A TikToker named JC Camarillo (@jccamarillo) is going viral on the platform after discussing the employee gift they received from their job for the holidays, which prompted other folks on the platform to share some of their own Christmas bonuses, or lack thereof. While there were people who seemed to make out fairly well, others appeared to have received proverbial lumps of coal in their corporate gift stockings.
JC begins his video by speaking directly into the camera and as he waxes on about the disappointing Christmas presents given to him by his employer, he holds up the candle and recycled bag in question up into the lens.
"What did your job give you for Christmas this year? Mine gave me a candle. Oh, a candle and this recycled bag that had tape from another gift oh with this recycled tissue paper that was all crushed and oh yeah a dinner where we were not allowed to order alcoholic beverages because otherwise we would have to pay for them out of pocket."
He continued with the terrible Christmas gift: "Oh but the owner did bring boxes of wine from his house so he didn't have to buy them there and we could just drink that but I don't really drink wine. But what did your job give you for Christmas?"
The generosity that JC and his coworkers were on the receiving end of seemed starkly different from the gifts that one TikTok user said they gave their employees: "I’m an employer, we gave a $1000 bonus to each employee, a weeks paid vacation over Xmas week, about $300 worth of gifts and a steak dinner w/ spouses," they wrote.
Someone else penned: "family owned business here. We took everyone out, including their spouses to a Japanese hibachi dinner with unlimited food and drinks and $1000 cash bonus," while another business owner wrote: "I’m a small business and I gave them each $500 cash bonuses."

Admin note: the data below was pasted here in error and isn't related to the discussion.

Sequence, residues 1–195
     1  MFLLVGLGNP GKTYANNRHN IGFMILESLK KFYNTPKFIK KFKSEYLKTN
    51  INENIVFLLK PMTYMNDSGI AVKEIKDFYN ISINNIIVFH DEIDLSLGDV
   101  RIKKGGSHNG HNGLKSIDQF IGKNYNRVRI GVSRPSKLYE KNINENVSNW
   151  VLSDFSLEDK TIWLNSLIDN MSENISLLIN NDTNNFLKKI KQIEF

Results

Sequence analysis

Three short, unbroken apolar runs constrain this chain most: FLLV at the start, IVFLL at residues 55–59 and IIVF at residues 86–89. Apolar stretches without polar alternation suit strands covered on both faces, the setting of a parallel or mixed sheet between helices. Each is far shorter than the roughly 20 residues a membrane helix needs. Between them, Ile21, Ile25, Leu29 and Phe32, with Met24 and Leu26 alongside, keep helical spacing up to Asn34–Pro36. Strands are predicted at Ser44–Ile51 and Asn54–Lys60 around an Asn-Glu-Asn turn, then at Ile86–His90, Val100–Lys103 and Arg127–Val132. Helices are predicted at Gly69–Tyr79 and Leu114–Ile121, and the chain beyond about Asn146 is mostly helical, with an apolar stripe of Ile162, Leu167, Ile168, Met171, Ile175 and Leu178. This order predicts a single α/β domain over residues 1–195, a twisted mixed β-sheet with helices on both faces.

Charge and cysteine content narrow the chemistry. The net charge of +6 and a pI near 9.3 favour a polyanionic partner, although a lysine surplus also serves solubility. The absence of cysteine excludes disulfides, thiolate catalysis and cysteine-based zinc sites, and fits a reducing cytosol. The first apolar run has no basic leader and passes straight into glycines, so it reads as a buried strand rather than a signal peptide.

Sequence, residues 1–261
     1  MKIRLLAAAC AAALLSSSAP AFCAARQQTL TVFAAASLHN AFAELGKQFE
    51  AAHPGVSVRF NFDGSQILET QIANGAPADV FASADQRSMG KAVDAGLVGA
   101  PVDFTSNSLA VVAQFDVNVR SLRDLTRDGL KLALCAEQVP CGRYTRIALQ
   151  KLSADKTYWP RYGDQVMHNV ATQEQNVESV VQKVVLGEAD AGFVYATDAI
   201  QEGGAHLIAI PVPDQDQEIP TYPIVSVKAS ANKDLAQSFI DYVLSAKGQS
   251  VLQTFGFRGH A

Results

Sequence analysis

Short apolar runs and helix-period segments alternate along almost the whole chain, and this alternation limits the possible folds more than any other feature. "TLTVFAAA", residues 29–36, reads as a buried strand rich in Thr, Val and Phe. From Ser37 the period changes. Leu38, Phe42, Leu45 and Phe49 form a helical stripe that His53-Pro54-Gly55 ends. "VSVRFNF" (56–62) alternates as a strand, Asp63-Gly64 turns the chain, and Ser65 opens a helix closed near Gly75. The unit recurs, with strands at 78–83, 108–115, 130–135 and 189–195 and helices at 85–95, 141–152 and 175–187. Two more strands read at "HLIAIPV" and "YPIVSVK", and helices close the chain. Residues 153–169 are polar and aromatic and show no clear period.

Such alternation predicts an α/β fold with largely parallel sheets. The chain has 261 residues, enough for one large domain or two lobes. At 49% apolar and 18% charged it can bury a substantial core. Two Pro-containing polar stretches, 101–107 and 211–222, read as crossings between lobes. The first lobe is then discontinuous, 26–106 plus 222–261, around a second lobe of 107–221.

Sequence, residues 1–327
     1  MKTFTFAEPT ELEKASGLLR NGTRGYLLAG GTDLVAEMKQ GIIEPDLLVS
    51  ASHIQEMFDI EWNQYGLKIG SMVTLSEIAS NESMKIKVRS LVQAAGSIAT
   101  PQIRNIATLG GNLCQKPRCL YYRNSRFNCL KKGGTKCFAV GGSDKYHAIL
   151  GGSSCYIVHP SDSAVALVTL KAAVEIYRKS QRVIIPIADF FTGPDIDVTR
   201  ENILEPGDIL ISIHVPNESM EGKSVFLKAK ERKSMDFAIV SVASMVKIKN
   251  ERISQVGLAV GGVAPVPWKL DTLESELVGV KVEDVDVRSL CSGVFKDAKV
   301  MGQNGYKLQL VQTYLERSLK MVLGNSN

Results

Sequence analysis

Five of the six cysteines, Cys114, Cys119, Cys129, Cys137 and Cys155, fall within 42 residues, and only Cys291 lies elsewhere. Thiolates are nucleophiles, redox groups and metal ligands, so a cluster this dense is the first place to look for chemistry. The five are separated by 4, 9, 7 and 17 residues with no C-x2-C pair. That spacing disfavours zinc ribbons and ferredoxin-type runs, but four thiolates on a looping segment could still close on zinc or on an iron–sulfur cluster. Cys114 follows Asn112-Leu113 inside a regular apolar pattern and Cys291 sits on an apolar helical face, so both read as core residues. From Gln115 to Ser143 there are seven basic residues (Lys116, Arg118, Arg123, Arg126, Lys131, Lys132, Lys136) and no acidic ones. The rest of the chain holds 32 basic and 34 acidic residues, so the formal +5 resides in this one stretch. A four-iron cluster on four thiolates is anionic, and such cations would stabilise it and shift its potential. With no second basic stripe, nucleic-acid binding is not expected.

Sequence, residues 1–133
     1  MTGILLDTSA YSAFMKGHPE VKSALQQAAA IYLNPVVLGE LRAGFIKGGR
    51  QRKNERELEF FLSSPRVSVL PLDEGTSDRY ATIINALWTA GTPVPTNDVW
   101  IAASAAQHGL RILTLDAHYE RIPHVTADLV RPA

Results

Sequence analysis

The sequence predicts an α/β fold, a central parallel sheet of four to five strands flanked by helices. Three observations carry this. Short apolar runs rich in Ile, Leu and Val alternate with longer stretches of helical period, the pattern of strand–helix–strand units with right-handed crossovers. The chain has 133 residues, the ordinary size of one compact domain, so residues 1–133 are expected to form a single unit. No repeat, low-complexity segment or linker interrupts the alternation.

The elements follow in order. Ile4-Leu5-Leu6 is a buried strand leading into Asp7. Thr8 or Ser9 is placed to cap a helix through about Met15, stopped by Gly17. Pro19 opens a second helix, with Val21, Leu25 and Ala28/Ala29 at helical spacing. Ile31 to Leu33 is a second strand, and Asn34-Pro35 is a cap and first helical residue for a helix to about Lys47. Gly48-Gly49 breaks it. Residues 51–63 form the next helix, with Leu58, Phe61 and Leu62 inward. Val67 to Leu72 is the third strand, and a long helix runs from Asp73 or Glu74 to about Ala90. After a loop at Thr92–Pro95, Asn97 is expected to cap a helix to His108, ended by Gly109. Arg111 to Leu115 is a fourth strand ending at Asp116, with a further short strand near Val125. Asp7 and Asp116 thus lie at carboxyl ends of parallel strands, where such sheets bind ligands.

Different commenters seemed to have different outlooks and expectations on what they should receive as a holiday bonus, however, like this person who said: "nothing, but I'm ok with that because I have a job to go back to. I'm not greedy."
There was one employee who seemed to make out pretty well during the Yuletide season: "$7,500 bonus, steak dinner, and I won a MacBook Air from a raffle," they wrote.
However, there were throngs of other people who didn't seem so happy with what they ended up with.
"I Got NOTHING!"
"my job gave me Anxiety!"
"Stress that’s all they gave me"
"I got ulcers, no lunch break, no acknowledgement at all. Literally."
"Mine gave me unlimited time off (laid me off)"
It doesn't take a rocket scientist or any specialized kind of business strategy coursework to understand or appreciate that the concept of sharing a company's wealth during the holidays can ultimately help to foster a sense of gratitude and loyalty among one's employees.
Of course, there are plenty of outlets that have written about just how conducive holiday perks can be to making a worker feel wanted and appreciated, like HiPeople, which listed a number of benefits of forking over Christmas bonuses.
According to the publication, companies can expect the following from giving their workers a little extra something something at the end of the year:
- Recognition and appreciation
- Boosting employee morale
- Retention and loyalty
- Competitive advantage
- Fostering a positive company culture
In some instances, not giving anything to a worker could be better than attempting to foist a half-hearted sorry excuse for a gift, like some of the Redditors who replied to this r/antiwork piece seem to think.
The person who penned the piece wrote that their business gave out "flimsy" backpacks that didn't even have a dedicated sleeve to place laptops in, which they thought was a bizarre omission especially since all of the workers were remote employees.
One user who responded to their post wrote that their company gave workers the "opportunity to purchase $50 tickets to the company holiday party," not exactly the best of gifts.
Another wrote: "My mom’s boss gave everyone a pen (a really crappy, normal pen) with their names printed on normal white printer paper that was scotch taped down the side of the pen.
This sounds made up even to me as I type it, but it’s still in our junk drawer"
Have you ever received holiday gifts that probably would've been better had they never been gifted in the first place and ended up just leaving you with a bad taste in your mouth?